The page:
# How to plot thermal noise in the “time domain”?

$$P = 4kT$$ (where $$k$$ = Boltzmann’s constant, and $$T$$ = temperature of the instrument ($$K$$))

And the mean voltage is thus, of course, $$V^2/R = 4kT$$

And the voltage is distributed as a Gaussian around that mean, with RMS given by $$\sqrt{4kRT\Delta f}$$.

Emphasis mine:

I want to plot the expected voltage vs time trace

The expectation (that's a term from probability theory and statistics) of a white process is zero. So, your expected voltage trace is a constant 0.

You might mean that you want to plot an exemplary realization of a random noise process - in that case:

• For a discrete-time noise process, draw a random number from a Gaussian distribution for any time instant. Make sure your random generator isn't having any correlation between current and any previous samples.
• For a continuous-time noise process, you can't really draw that, because you'd need to draw uncountable infinitely many random values for any interval, no matter how small that interval.

Notice that in either case, the drawing you made has probability 0 of actually being the realization of the white noise you want to be observing; you can't deterministically draw a random thing.

Before getting to the answer, several corrections are necessary. First, the units of the Boltzmann constant are J/K, so kT is energy, not power. Thus P is not equal to 4kT. Second, the expected value of the thermal noise voltage, $$\mu$$, is zero, as required by the second law of thermodynamics. So $$V^2/R$$ is not equal to 4kT.

When I do computer simulations involving Gaussian white noise, of which thermal noise is a type, I assume that I am sampling a pseudo-random Gaussian noise generator, i.e., the software I am using provides a way to get successive negligibly-correlated samples. I assume a constant sampling rate of $$f_s$$ samples per second. The constant point spacing, $$\Delta t$$, is $$1/f_s$$ seconds. Then the Nyquist frequency, $$f_{nyq}$$, is $$f_s /2$$ Hz, which is equivalent to $$1/2\Delta t$$ Hz.

The Gaussian white noise has zero population mean, $$\mu$$, and $$\sigma^2$$ population variance, so the bilateral noise power spectral density, $$\eta$$, is $$\sigma^2 /f_s$$. This simply means that the total noise power, $$\sigma^2$$, is uniformly distributed, because the noise is white, from minus $$f_{nyq}$$ to plus $$f_{nyq}$$. This frequency interval is simply $$f_s$$. Hence

$$\eta = \sigma^2 /f_s = \sigma^2 /2f_{nyq} = \sigma^2 Δt \tag 1$$

The unilateral noise power spectral density, $$2 \eta$$, is $$2 \sigma^2 Δt$$. Therefore

$$2 \eta = 2\sigma^2 /f_s = \sigma^2 /f_{nyq} = 2\sigma^2 Δt \tag 2$$

For thermal noise below roughly 10 THz (and see here for a bit more on that), the unilateral noise power spectral density is well approximated as $$4RkT$$. Hence

$$4RkT = 2 \eta = 2\sigma^2 Δt = 2\sigma^2 /f_s = \sigma^2 /f_{nyq} \tag 3$$

Thus

$$\sigma^2 = 2RkT / Δt = 2RkTf_s = 4RkTf_{nyq} \tag 4$$

So select R, T and either $$f_s$$ or $$\Delta t$$. Then equation (4) gives the population variance for the pseudo-random Gaussian noise generator.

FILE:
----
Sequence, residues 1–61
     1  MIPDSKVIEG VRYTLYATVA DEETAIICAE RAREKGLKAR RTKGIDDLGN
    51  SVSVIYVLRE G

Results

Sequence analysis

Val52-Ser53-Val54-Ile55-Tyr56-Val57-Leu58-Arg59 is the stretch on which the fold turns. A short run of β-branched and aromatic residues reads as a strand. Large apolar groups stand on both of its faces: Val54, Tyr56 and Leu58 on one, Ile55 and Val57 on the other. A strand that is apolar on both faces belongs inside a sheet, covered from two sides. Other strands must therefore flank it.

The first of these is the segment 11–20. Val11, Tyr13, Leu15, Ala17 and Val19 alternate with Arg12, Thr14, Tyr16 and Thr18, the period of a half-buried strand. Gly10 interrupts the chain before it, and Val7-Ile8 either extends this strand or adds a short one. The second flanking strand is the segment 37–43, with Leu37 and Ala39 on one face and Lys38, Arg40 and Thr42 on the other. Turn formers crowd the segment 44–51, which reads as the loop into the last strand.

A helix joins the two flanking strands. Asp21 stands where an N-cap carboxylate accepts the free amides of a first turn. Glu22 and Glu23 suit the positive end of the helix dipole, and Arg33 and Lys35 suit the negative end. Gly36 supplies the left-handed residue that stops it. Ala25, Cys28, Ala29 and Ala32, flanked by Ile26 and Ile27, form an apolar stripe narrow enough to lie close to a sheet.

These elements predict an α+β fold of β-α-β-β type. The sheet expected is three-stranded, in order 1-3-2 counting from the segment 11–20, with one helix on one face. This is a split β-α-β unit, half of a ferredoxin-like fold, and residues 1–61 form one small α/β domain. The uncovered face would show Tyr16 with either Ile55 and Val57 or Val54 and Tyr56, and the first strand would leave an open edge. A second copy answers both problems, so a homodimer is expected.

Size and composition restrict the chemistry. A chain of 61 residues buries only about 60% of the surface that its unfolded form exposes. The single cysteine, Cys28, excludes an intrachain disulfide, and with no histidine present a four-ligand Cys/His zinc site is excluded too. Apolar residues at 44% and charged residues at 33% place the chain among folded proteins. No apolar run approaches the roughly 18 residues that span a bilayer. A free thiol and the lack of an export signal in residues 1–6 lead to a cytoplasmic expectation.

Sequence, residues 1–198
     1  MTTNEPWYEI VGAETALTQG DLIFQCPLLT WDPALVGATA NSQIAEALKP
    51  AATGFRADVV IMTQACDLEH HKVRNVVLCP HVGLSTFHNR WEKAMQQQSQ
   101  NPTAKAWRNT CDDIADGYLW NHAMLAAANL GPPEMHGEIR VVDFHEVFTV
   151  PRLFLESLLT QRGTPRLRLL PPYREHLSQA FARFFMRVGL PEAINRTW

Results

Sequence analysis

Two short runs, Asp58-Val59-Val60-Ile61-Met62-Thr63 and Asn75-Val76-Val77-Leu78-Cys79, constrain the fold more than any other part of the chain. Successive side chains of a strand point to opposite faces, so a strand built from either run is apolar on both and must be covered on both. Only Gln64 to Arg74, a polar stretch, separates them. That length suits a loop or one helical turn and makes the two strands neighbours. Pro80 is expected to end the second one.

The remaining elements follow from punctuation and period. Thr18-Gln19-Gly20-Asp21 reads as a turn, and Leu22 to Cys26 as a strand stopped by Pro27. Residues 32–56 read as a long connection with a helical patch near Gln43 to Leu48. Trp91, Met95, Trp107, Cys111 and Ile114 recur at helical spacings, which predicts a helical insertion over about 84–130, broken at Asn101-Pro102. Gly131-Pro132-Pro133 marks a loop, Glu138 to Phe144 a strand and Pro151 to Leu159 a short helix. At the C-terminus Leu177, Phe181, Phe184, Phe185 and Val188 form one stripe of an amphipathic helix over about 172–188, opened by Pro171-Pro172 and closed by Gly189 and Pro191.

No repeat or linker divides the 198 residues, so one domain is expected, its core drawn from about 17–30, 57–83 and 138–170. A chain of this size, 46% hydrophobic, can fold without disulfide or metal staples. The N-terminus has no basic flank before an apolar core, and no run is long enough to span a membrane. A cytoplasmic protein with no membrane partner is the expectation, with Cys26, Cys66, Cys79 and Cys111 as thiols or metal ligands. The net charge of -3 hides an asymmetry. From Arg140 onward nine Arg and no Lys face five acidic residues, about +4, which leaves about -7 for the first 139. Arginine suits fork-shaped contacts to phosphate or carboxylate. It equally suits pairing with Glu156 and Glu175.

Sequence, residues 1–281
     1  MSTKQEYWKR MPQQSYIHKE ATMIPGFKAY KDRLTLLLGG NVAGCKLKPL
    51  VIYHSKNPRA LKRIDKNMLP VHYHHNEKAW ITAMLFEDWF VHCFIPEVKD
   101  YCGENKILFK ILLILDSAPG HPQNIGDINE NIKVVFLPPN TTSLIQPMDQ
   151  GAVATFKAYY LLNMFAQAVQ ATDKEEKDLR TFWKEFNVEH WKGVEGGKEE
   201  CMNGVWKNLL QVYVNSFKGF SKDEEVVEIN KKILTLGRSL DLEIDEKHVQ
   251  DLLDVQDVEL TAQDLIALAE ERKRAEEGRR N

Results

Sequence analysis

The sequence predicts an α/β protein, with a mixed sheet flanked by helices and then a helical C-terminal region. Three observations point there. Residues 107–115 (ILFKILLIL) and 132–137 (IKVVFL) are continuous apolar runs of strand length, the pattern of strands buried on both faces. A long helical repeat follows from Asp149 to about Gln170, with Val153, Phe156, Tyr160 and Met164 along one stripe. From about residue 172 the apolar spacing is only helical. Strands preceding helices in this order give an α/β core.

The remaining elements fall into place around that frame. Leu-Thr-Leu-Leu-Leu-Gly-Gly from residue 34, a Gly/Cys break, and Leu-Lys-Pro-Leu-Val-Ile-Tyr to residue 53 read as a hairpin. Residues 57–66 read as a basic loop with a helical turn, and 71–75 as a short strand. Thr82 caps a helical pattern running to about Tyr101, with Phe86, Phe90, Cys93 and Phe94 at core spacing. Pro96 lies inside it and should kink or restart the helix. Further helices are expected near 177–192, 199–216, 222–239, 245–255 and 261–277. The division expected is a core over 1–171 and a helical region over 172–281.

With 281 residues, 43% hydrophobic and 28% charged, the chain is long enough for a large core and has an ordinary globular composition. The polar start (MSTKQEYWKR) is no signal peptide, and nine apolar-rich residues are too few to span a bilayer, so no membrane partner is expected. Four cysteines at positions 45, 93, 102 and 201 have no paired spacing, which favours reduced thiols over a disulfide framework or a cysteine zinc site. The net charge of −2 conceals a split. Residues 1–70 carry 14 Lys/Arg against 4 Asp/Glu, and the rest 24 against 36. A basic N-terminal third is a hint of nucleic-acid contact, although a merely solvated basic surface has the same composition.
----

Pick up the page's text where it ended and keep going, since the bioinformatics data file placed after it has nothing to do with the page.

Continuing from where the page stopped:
Example: Assume $$R = 10 k \Omega$$, $$T = 300 K$$, $$k = 1.380649 \times 10^{-23} J/K$$ and $$\Delta t = 1 \mu s$$, so $$f_s = 1 MHz$$. Then $$\sigma^2 = 8.283894 \times 10^{-11}$$ $$V^2$$ and $$\sigma = 9.101590 \times 10^{-6} \space V$$. In the software I use, the syntax for generating a sample from the pseudo-random Gaussian noise generator is simply $$Gaussian(\mu ,\sigma)$$. Since $$\mu = 0$$, and with $$\sigma$$ as above, this becomes $$Gaussian(0,9.101590 \times 10^{-6})$$. A specific temporal trace, from 0 to 1.023 ms in $$1\mu s$$ increments, is

From equation (3), $$4RkT = 1.6567788 \times 10^{-16}$$ $$V^2/Hz$$. This is the theoretical unilateral noise power spectral density (PSD). The plot below shows the average of $$10^4$$ unilateral, mean-subtracted 1024 point PSDs. It is seen that the PSD is white and in excellent agreement with the theoretical value.

• Note: the question is cross-posted here, but I obviously cannot cross-post my answer there. – Ed V Aug 31 '20 at 14:59
• I am not the OP, but I found your answer very helpful for stuff I am doing. I understand everything except for: Why do you need to use the Nyquist frequency? I.e. why is there a factor of 2 in $\sigma^2 = 2 R k T/\Delta f$ and not a factor of 4? – Christian Sep 28 '20 at 9:53
• @Christian Glad it helps! The factor of 2 in the first equality in the expressions in (4) simply follows by rearrangement of the expressions in (3). The Nyquist frequency always arises when sampling takes place, but it is simply half the sampling frequency, so it need not explicitly appear in an equation. Hope this helps clarify things. – Ed V Sep 28 '20 at 13:13
• Thanks, do you know if there there is a formal derivation why $\Delta f = f_{Nyq}$ and not just $\Delta f = f_s$? – Christian Sep 28 '20 at 13:17
• @Christian Where is $\Delta f$ coming from? If you want to use unilateral PSDs, i.e., PSDs only applicable to positive frequencies, then the full frequency range of the sampled noise is 0 to Nyquist. For bilateral PSDs, the range is minus to plus Nyquist, so it is twice the magnitude, and the PSD is half as large. For either of these, the total variance is simply the integral of the PSD over its associated frequency range. Since the PSDs are constant, the integrations reduce to products and they yield the same result. – Ed V Sep 28 '20 at 13:26